MORRIE TURNER AND THE KIDS
THE STORY OF THE MAN RESPONSIBLE FOR BRINGING COLOR TO THE BLACK-AND-WHITE PAGES OF THE SUNDAY COMICS.
I. WHAT IS SUCCESS?
The night of Barack Obama’s victory, eighty-six-year-old cartoonist Bil Keane called his old friend Morrie Turner, himself a sprightly eighty-four. Turner was working on his strip Wee Pals in the office of his tiny bungalow in South Berkeley, leaning over his drafting desk, its surface worn to the curve of the wood grain, tracing and embellishing the pencil outlines in India ink on Bristol board. A Law & Order rerun played in the background. Inking a strip to the natter of a TV program: for Turner, these were familiar rhythms, warm comfort for forty-three years. At that moment, the last thing he wanted to hear was the news.
Keane’s strip, Family Circus, had launched in 1960, one year before Obama was born. In it, Keane drew the antics of his suburban children in a single round panel, each installment like a portrait-miniature of the white boomer wonder years. Five years later—days before Malcolm X was assassinated, months before the Voting Rights Act was signed and Watts burned—Wee Pals debuted. Turner’s strip simply presented an urban, multiracial group of kids figuring out how to get along, but nothing like it had ever been seen on the funny pages. The launch of Wee Pals made Morrie Turner the first nationally syndicated African American cartoonist.
Keane and Turner had formed their close bond in 1967 as pacifist World War II vets on a USO trip to Vietnam. Keane would introduce a black boy named Morrie into Family Circus, just about the same time Charles Schulz added Franklin to Peanuts. Both were tributes to Turner. On April 4, 1968, Martin Luther King Jr. was assassinated. Cities were on fire. Blackness was suddenly in demand. Wee Pals went from six newspapers to more than a hundred. For Turner, success was bittersweet. Privately, he would say that it was guilt that got him into the papers.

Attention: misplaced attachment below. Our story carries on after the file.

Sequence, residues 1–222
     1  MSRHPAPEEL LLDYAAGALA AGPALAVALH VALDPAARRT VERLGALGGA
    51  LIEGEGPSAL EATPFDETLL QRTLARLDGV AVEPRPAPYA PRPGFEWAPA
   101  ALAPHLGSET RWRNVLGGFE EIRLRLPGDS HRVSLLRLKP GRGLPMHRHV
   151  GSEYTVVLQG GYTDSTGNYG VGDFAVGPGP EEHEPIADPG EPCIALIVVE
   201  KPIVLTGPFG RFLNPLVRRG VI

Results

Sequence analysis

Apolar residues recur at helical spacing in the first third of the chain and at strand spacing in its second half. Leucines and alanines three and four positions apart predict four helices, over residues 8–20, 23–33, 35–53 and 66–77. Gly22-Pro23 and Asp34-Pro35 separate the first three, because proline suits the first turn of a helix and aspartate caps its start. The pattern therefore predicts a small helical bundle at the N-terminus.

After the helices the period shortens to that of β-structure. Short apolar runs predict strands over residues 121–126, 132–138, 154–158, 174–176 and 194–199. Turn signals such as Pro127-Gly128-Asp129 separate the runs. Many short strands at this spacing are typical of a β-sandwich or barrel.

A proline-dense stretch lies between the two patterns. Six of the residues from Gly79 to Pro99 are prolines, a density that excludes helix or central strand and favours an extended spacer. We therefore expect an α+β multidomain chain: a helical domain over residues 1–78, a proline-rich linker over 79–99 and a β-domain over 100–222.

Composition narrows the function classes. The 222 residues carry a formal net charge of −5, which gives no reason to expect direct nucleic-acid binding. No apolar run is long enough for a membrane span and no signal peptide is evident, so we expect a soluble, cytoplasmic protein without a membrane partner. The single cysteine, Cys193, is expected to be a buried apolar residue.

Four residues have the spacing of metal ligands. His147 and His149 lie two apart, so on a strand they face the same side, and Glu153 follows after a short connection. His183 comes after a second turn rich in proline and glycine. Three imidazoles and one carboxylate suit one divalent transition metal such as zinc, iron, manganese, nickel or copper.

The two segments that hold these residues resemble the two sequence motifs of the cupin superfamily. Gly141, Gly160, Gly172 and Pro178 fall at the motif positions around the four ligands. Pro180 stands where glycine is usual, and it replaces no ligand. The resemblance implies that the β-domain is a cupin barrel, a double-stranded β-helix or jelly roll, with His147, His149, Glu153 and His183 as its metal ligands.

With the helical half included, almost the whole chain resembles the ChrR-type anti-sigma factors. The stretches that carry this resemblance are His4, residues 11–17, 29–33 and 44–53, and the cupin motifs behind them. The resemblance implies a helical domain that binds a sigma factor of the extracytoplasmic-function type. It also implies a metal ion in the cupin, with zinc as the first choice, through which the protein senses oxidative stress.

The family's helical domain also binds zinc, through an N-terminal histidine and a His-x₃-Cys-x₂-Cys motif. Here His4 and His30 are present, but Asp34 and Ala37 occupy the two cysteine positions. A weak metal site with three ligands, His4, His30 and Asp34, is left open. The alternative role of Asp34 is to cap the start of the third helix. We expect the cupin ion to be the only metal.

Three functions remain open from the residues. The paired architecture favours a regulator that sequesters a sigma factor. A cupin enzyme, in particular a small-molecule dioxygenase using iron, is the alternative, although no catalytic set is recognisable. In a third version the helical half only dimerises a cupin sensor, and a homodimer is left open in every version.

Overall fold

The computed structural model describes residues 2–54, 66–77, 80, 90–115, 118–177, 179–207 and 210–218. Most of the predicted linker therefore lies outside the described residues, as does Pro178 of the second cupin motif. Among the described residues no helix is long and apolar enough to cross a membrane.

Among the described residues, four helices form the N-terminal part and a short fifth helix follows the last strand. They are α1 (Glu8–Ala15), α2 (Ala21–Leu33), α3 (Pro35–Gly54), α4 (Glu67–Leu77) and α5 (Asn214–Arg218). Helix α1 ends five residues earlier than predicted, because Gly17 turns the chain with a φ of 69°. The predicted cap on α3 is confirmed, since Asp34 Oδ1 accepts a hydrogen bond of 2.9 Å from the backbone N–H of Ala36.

Wee Pals belonged to a quieter, less violent universe. Even in the worst of times, Turner labored on, certain that it was the country that needed to come around to his kids’ world, not the other way around. Was Obama’s candidacy a sign that day was finally coming to pass? People had begun using a strange word—“post-racial.” Did it mean racism was over? Or just images of racism? Was the word just another form of denial?
Turner had told friends he was happy that Barack Obama was running, but he was terrified Obama would be killed while trying. And now on election night he was sure a black man, even this one, had no chance of becoming president. But at 8 p.m., when the polls at the senior center around the corner closed and the festive whoops on the block began, Turner’s phone rang. It would ring all night. Old friends wanted to share the breathlessness of the moment. Perhaps they were breathless because there still weren’t the words for all the new images.
Keane had called his old friend with congratulations. With Wee Pals, Keane told him, Turner had helped set America on a path to this historic moment. Turner tried to find the words to reply. Finally, he said that it was only the second time in his life he had ever felt like an American. Keane was about to tell Turner that he didn’t understand what he meant, but he stopped.
He heard Turner sobbing.
- Franklin’s father was serving in the war. But Schulz never really developed the Franklin character, perhaps stung by black criticism that Franklin (at least in the black-and-white dailies) did not look much different from Pigpen. In 1977, he admitted to an interviewer, “I think it would be wrong for me to attempt to do racial humor, because what do I know about what it is like to be black?” ↩
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